After signs of democratic awakening spreading throughout Africa such as with Gambia’s opposition winning the presidential elections in December 2016, Togo remains the only ECOWAS nation still waiting for substantial democratisation since the 1960s, according to Roland Benedikter and William Mensa Tsedze.
The most recent Least Developed Countries Report presented on December 13, 2016 by the United Nations Conference on Trade and Development (UNCTAD) brought once again uncomfortable news: while most developed and emerging countries are growing, the least developed 48 countries on earth are falling further behind and are getting even poorer than they were 25 years ago.
Thirty-four of the least developed countries are located in Africa. Therefore, it is no surprise that the European refugee and migration crisis, viewed as a strong threat to the European unification project and a factor in Brexit and the rise of populist, rightist and nationalist movements across the continent, is partly triggered by economic and poverty migration from Africa.
As a result, the European Union has committed a further 381 million Euros to African nations to tackle irregular migration. The money should benefit the greater Sahel zone. But is this measure enough to reverse the decline of the poorest countries – and migratory flows to Europe? We use Togo as a case study to answer this question.
Togo is one of the smallest countries in West Africa and has attracted very little attention from the international community over the past few decades.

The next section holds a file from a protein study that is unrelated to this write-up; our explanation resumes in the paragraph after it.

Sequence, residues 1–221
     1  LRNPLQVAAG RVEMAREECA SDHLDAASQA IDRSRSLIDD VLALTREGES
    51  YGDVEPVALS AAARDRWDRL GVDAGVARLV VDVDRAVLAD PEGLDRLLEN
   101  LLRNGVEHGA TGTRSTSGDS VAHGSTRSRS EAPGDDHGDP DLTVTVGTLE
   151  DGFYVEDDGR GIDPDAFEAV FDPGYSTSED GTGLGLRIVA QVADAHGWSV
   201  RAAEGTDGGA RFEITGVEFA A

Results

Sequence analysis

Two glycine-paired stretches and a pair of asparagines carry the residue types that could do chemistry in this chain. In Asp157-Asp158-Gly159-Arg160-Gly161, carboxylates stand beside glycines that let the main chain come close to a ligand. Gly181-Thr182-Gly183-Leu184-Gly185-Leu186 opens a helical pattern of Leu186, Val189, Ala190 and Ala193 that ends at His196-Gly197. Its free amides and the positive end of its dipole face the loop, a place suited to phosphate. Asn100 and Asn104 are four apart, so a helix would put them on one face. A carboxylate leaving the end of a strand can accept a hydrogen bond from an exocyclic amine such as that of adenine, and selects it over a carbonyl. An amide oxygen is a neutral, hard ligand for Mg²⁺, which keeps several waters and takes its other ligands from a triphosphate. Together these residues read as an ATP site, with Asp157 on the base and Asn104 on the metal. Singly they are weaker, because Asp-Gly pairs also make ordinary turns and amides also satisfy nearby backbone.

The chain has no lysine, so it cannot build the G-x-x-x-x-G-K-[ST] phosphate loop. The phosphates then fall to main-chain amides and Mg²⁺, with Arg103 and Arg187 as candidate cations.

Three years after independence in 1963, the democratically-elected first president and “father of independence” Sylvanus Olympio (1902-1963) was murdered by a group of soldiers, led by Gnassingbé Eyadéma, a member of the Kabye ethnic group and a Roman Catholic allegedly supported by France. Nicolas Grunitsky was installed by the military as the new president following the French example of a presidential republic, but was dismissed by Eyadéma in 1967 through a bloodless coup. Eyadéma himself took power and in 1969 founded the political party Rally of the Togolese People (RPT). This was the beginning of de facto one-party rule in the country, with the army mostly composed of members of his ethnic group.
After a 38-year mostly repressive reign, Eyadéma passed away in February 2005. The army then installed his son Faure Gnassingbé as the new head of state, contrary to the nation’s constitution. However, under pressure by the Economic Community of West African States (ECOWAS), elections were hurriedly arranged to take place in April 2005. According to the United Nations, more than 500 people were killed, and tens of thousands fled the country during the ensuing electoral process. Gnassingbe Junior was declared winner of the polls, although there were allegations of electoral fraud.
In August 2006, the Togolese political class came to a cross-partisan agreement known as national “universal political agreement” which called for institutional and constitutional reforms, notably limits to the presidential mandate, and two rounds in presidential elections.